Feeds

Asteroids the source of Earth's water, NASA suggests

Oceans: Coming soon to a planet near you

The next step in data security

NASA scientists have provided tantalising evidence that Earth's oceans may have originated in space, supplied by water-packed asteroids which deposited their loads in terminal collisions with our ancient planet.

Observations of 24 Themis - which at roughly 190 km (120 miles) wide is the largest of the Themis asteroid family lying between the orbits of Jupiter and Mars - have confirmed the presence of surface water ice and carbon-based organic materials.

Since the asteroid orbits the Sun at 479 million kilometres (297 million miles), scientists previously thought it was "too close to the solar system's fiery heat source to carry water ice left over from the solar system's origin 4.6 billion years ago".

However, data captured by the NASA Infrared Telescope Facility in Hawaii confirm the continued presence of surface water ice on 24 Themis, suggesting that as it sublimates into space, it's replenished by a sub-surface reservoir.

Don Yeomans, manager of NASA's Near-Earth Object Program Office, said: "For a long time the thinking was that you couldn't find a cup's worth of water in the entire asteroid belt. Today we know you not only could quench your thirst, but you just might be able to fill up every pool on Earth - and then some."

Asteroids, unlike the planets, have remained pretty well unchanged during the last four billion years. Accordingly, scientists speculate that any water and organic compounds the surviving bodies contain is likely to be similar to that which their now-destroyed cousins delivered to our primordial world.

It's possible, they say, that it was asteroids which delivered the building-blocks of life to Earth.

The 24 Themis findings offer further food for thought: since such celestial bodies contain considerable amounts of water, they could serve as "fueling stations and watering holes for future interplanetary exploration", as Yeomans put it.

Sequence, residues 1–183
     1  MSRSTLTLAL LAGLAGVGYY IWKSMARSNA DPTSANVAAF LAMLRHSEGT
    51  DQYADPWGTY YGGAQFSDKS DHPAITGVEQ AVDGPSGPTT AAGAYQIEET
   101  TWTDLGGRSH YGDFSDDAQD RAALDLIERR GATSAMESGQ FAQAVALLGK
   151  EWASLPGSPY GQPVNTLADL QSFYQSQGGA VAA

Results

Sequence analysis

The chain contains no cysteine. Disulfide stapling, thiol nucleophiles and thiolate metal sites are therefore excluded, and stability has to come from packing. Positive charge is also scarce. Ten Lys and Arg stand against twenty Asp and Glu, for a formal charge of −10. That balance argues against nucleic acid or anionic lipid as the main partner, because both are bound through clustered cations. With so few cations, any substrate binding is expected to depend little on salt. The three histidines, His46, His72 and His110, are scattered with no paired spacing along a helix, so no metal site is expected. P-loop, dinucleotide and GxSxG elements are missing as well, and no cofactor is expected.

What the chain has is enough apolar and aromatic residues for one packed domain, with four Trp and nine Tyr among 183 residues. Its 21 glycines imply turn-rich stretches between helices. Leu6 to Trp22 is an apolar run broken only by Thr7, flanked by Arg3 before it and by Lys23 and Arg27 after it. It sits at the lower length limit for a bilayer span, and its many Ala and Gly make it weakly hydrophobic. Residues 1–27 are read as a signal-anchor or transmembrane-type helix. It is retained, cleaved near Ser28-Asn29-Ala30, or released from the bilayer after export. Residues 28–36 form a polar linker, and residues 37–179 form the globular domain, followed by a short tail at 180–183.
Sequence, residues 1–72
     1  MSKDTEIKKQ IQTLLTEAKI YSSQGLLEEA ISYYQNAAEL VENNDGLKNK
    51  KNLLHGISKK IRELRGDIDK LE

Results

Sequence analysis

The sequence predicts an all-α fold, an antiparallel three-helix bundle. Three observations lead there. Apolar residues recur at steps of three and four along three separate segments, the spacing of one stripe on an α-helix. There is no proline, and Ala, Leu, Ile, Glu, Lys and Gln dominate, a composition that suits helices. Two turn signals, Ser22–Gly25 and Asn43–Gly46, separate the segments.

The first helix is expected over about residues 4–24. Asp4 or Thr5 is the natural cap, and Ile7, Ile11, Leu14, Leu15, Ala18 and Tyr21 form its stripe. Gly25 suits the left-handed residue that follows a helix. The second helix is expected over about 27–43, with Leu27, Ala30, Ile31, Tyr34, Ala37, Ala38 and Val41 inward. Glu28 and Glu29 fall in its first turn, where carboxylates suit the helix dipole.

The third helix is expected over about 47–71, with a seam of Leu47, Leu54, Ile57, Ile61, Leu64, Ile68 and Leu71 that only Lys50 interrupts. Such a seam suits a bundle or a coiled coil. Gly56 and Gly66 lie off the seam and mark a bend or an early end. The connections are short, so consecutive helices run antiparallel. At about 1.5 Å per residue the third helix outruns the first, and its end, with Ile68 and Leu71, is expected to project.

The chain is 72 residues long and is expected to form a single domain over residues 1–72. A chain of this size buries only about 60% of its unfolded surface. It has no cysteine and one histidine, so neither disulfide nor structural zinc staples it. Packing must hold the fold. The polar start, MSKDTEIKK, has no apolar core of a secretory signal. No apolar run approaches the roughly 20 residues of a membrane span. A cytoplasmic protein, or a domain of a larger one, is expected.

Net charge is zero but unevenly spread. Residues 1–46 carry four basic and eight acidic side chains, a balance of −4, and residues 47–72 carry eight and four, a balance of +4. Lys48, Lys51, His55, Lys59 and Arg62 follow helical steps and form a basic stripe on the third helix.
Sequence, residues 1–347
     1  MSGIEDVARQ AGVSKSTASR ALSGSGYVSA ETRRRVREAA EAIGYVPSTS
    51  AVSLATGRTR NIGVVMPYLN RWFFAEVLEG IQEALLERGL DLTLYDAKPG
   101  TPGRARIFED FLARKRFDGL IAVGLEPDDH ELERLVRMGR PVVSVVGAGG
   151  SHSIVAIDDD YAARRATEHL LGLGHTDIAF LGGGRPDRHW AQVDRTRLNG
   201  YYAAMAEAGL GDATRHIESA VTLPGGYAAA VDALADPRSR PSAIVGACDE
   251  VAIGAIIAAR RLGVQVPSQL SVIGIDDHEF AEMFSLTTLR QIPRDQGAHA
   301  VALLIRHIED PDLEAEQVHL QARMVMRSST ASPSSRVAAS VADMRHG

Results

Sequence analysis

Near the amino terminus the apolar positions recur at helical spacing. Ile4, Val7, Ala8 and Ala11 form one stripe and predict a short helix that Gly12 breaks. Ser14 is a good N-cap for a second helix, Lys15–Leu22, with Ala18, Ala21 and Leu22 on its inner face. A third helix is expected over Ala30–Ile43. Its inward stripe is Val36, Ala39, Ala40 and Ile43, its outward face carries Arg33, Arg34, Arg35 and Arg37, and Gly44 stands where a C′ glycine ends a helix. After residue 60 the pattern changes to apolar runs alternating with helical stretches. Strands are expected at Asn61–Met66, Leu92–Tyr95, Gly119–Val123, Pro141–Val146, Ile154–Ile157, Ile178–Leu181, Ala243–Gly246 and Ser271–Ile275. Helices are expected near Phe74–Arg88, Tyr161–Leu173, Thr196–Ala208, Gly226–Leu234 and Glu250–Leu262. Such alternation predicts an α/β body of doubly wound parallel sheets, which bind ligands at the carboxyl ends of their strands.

It appears, then, that 24 Themis is an ideal target for Barack Obama's audacious plan to land on an asteroid, and thirsty astronauts could enjoy a refreshing cup of space water before heading off to Mars.

The NASA findings are published in the latest issue of Nature. ®

Choosing a cloud hosting partner with confidence

More from The Register

next story
SCREW YOU, Russia! NASA lobs $6.8bn at Boeing AND SpaceX to run space station taxis
Musk charging nearly half as much as Boeing for crew trips
Boffins say they've got Lithium batteries the wrong way around
Surprises at the nano-scale mean our ideas about how they charge could be all wrong
Thought that last dinosaur was BIG? This one's bloody ENORMOUS
Weighed several adult elephants, contend boffins
Edge Research Lab to tackle chilly LOHAN's final test flight
Our US allies to probe potential Vulture 2 servo freeze
Europe prepares to INVADE comet: Rosetta landing site chosen
No word yet on whether backup site is labelled 'K'
India's MOM Mars mission makes final course correction
Mangalyaan probe will feel the burn of orbital insertion on September 24th
Cracked it - Vulture 2 power podule fires servos for 4 HOURS
Pixhawk avionics juice issue sorted, onwards to Spaceport America
City hidden beneath England's Stonehenge had HUMAN ABATTOIR. And a pub
Boozed-up ancients drank beer before tearing corpses apart
prev story

Whitepapers

Providing a secure and efficient Helpdesk
A single remote control platform for user support is be key to providing an efficient helpdesk. Retain full control over the way in which screen and keystroke data is transmitted.
WIN a very cool portable ZX Spectrum
Win a one-off portable Spectrum built by legendary hardware hacker Ben Heck
Storage capacity and performance optimization at Mizuno USA
Mizuno USA turn to Tegile storage technology to solve both their SAN and backup issues.
High Performance for All
While HPC is not new, it has traditionally been seen as a specialist area – is it now geared up to meet more mainstream requirements?
Security and trust: The backbone of doing business over the internet
Explores the current state of website security and the contributions Symantec is making to help organizations protect critical data and build trust with customers.